TOKYO (Reuters) - Japanese Prime Minister Shinzo Abe retained close allies in key posts in a cabinet reshuffle on Wednesday, playing it safe as he pivots back to the economy after enacting divisive security legislation that dented his popularity.
In a symbol of that promised refocus, Abe picked Katsunobu Kato, a deputy chief cabinet secretary, for a new post in charge of a fresh goal to build a “Society in Which All 100 Million People Can be Active”.
Kato is tasked with coordinating policies to try to raise the low fertility rate, reform the creaking social security system and boost growth, targets central to a platform Abe hopes will woo voters ahead of an upper house election next July.
The new slogan, Abe aides say, is meant to show that all Japanese will be included in economic growth. Some critics, though, have said it echoes wartime propaganda.
The new portfolio also takes over promoting a more active role by women in society, one of Abe’s pet policies. The number of women in the cabinet, however, dropped to three from five.
“This cabinet aims to tackle challenges for the future - to put the brakes on the aging of the population to keep the population from falling below 100 million and create a society where anyone - old and young, women and men, and those suffering from incurable diseases and the handicapped - can take one more step forward,” Abe told a news conference.
Abe added that he had instructed Kato to set up a new policy body to craft a first round of steps by the end of the year.
Nine of the 19 cabinet members kept their portfolios, including Chief Cabinet Secretary Yoshihide Suga, Finance Minister Taro Aso, Economics Minister Akira Amari, Defense Minister Gen Nakatani and Foreign Minister Fumio Kishida.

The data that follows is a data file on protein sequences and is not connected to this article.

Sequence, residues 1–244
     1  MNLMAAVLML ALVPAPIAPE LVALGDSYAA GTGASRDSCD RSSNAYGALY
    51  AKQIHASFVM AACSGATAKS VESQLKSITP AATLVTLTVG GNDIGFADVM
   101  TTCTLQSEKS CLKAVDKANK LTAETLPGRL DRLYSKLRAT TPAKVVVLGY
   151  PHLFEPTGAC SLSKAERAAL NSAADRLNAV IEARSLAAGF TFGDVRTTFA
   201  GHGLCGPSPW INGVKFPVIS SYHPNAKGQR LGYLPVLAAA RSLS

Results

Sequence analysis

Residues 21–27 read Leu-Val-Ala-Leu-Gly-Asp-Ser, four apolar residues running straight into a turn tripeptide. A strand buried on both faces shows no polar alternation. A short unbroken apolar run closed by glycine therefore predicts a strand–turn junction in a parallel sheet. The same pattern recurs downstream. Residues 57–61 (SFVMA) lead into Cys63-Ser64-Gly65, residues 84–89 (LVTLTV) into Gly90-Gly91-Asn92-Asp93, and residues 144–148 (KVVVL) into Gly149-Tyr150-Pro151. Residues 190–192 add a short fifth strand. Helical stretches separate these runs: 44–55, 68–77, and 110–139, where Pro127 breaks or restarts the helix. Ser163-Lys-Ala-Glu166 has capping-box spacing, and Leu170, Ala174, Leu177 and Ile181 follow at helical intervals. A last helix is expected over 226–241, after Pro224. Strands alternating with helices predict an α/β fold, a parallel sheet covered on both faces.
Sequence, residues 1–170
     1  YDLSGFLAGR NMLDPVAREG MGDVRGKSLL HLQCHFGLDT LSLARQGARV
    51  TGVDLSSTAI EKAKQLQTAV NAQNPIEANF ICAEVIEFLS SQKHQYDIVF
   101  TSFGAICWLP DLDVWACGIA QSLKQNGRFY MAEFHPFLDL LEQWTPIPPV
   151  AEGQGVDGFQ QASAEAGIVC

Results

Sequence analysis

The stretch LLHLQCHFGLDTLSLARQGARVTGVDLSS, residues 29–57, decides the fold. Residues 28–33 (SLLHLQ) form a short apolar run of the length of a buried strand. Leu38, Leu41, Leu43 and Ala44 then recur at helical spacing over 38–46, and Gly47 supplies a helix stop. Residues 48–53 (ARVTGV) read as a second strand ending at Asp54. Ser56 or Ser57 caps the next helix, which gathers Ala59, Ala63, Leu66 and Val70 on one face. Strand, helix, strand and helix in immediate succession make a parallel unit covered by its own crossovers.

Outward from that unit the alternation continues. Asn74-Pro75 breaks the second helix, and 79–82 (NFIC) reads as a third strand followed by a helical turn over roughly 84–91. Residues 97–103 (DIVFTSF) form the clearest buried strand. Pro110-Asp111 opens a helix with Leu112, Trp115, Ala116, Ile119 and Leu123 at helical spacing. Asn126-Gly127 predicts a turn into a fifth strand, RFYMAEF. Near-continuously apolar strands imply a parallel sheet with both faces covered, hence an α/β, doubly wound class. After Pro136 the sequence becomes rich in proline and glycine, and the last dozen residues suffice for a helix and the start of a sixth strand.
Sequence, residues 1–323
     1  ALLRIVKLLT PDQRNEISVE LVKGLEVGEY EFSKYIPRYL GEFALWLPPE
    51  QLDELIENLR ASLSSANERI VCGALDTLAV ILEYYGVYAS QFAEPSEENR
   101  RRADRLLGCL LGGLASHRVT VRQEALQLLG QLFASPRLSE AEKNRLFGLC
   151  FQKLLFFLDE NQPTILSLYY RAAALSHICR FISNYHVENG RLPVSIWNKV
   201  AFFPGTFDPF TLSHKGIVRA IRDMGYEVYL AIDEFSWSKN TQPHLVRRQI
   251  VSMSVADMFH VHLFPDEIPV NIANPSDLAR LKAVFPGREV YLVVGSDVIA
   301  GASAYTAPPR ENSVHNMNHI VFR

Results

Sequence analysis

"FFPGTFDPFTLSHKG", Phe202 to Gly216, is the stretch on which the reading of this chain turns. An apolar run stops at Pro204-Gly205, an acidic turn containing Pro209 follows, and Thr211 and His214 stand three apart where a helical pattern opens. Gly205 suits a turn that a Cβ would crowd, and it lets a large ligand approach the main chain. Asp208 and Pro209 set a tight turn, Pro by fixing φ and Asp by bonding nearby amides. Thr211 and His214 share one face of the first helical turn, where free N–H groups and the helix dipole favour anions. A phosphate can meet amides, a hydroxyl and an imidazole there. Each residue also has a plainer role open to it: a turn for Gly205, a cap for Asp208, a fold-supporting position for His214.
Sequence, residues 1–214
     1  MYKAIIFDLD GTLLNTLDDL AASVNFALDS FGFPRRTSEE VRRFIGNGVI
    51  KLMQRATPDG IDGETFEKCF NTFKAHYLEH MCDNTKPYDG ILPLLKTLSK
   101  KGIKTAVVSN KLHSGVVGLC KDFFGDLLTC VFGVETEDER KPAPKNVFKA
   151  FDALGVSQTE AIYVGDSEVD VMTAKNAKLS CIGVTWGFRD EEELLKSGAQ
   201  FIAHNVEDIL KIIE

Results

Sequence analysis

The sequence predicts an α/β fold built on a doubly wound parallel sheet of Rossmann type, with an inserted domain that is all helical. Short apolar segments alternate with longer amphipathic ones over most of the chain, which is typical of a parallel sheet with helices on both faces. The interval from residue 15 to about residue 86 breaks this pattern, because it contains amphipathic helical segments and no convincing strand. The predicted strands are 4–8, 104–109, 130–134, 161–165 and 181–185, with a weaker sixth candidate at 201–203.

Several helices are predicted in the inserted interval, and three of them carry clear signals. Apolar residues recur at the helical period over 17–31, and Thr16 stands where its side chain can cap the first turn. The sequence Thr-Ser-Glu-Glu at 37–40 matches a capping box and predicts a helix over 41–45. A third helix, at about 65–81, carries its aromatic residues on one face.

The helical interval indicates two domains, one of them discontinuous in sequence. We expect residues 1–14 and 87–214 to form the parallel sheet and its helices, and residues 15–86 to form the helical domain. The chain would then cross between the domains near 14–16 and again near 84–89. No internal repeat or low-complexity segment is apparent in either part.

Abe’s attempt to boost his ratings with a broad cabinet make-over, including five women, backfired in September 2014 when two ministers quickly resigned over scandals.
This time, he opted for stability at the core, but leavened the line-up with 10 new appointees. Among them was maverick lawmaker Taro Kono, a frequent government critic, who was appointed minister for administrative reform, a position similar to that he held in Abe’s Liberal Democratic Party (LDP).
Hiroshi Hase, a former teacher and professional wrestler, replaced Hakubun Shimomura as education minister.
Shimomura had said he would stand down over missteps that forced the scrapping of plans for a new national stadium as the centerpiece of the Tokyo 2020 Olympics.
Koichi Hagiuda, an LDP aide to Abe, replaces Kato as a deputy chief cabinet secretary. Hagiuda, 48, has caused headaches for Abe’s government with outspoken comments on Japan’s wartime past, a topic that often frays ties with China.
Veteran lawmaker Motoo Hayashi, 68, assumed the trade and industry portfolio.
Abe has been trying to demonstrate renewed commitment to fixing the stale economy with three new policy “arrows” that aides say subsume an original trio of hyper-easy monetary policy, public spending and structural reform.
Those targets are boosting the fertility rate so Japan can keep its population from falling below 100 million from about 126 million now, eliminating the need to quit work to care for elderly relatives, and growing the economy by one-fifth to 600 trillion yen ($5 trillion) - a goal skeptics doubt can be hit.
The Bank of Japan (BOJ) refrained from expanding stimulus earlier on Wednesday, even as slumping exports and falling oil prices threaten its projection that the economy is on track to hit its 2 percent inflation target next year.
Fears of recession will keep the BOJ under pressure to ease when it meets again on Oct. 30.
Additional reporting by Kiyoshi Takenaka and Tetsushi Kajimoto; Editing by Paul Tait and Nick Macfie